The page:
Climate stability and societal decline on the margins of the Byzantine empire in the Negev Desert.


Department of Anthropology, Washington University in St Louis, 1 Brookings Dr., St Louis, 63130, MO, USA. [Email]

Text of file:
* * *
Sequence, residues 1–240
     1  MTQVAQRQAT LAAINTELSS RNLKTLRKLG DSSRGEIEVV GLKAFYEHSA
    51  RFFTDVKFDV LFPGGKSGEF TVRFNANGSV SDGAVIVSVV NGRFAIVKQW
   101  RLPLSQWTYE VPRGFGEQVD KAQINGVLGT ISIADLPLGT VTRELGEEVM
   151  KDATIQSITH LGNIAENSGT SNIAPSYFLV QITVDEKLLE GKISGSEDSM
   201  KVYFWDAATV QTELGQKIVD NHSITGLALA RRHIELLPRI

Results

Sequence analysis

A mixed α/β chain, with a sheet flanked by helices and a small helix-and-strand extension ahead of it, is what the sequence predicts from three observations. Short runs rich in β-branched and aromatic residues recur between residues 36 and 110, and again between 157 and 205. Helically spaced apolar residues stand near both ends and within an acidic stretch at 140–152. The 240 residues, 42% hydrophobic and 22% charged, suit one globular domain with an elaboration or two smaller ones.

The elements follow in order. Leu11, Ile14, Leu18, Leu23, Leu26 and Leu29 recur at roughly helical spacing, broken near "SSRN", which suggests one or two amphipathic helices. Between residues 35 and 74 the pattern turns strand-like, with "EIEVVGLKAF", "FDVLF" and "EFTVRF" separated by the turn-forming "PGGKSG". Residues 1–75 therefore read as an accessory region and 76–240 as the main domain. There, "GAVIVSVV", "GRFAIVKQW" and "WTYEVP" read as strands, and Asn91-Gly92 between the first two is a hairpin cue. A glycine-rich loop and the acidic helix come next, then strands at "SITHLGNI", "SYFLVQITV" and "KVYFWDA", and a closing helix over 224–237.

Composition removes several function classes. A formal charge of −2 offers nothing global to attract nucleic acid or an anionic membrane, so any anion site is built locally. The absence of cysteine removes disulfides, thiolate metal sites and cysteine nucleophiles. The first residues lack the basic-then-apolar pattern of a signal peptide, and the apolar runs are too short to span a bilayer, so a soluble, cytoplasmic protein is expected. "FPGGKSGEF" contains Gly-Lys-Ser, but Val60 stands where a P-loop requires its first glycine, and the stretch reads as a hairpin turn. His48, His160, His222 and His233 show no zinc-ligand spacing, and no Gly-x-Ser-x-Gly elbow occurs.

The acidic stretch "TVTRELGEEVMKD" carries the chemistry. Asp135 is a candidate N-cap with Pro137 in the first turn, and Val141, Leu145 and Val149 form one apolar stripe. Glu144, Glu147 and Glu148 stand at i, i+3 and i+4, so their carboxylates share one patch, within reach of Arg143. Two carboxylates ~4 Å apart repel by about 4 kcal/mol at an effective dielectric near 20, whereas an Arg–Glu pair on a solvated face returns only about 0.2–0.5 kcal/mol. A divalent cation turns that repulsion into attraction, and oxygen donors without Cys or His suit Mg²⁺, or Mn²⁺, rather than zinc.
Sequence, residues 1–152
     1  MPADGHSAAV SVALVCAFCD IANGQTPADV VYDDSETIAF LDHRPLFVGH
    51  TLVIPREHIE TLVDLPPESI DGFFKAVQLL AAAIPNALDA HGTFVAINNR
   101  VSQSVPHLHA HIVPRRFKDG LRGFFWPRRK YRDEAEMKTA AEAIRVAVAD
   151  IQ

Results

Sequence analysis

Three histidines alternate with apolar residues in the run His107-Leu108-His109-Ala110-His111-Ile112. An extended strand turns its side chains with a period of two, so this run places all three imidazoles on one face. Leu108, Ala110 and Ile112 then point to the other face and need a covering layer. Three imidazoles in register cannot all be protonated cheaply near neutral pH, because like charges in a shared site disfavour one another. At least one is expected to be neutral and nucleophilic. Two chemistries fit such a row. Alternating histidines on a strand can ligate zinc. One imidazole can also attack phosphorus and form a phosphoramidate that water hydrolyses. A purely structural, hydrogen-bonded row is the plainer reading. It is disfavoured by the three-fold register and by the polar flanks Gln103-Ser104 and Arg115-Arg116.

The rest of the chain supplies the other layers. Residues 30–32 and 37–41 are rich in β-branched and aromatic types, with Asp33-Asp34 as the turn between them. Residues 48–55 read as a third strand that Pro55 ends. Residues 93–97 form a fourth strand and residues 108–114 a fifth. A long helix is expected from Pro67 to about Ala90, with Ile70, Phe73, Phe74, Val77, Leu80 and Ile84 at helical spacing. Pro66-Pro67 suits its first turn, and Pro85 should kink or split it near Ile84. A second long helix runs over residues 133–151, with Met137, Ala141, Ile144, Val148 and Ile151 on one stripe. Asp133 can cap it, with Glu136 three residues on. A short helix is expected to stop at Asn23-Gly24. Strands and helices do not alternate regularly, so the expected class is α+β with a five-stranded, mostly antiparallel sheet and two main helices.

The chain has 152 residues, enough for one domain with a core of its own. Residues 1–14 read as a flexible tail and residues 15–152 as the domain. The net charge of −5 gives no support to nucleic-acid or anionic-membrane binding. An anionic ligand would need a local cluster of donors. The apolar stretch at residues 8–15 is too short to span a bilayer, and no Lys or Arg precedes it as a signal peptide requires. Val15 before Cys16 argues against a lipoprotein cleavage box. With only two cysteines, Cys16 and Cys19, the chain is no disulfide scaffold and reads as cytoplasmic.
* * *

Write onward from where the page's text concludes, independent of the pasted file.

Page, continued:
Understanding past human settlement of inhospitable regions is one of the most intriguing puzzles in archaeological research, with implications for more sustainable use of marginal regions today. During the Byzantine period in the 4th century CE, large settlements were established in the arid region of the Negev Desert, Israel, but it remains unclear why it did so, and why the settlements were abandoned three centuries later. Previous theories proposed that the Negev was a "green desert" in the early 1st millennium CE, and that the Byzantine Empire withdrew from this region due to a dramatic climatic downturn. In the absence of a local climate archive correlated to the Byzantine/Early Islamic transition, testing this theory has proven challenging. We use stable isotopic indicators of animal dietary and mobility patterns to assess the extent of the vegetative cover in the desert. By doing so, we aim to detect possible climatic fluctuations that may have led to the abandonment of the Byzantine settlements. The findings show that the Negev Desert was not greener during the time period under investigation than it is today and that the composition of the animals' diets, as well as their grazing mobility patterns, remained unchanged through the Byzantine/Early Islamic transition. Favoring a non-climatic explanation, we propose instead that the abandonment of the Negev Byzantine settlements was motivated by restructuring of the Empire's territorial priorities.

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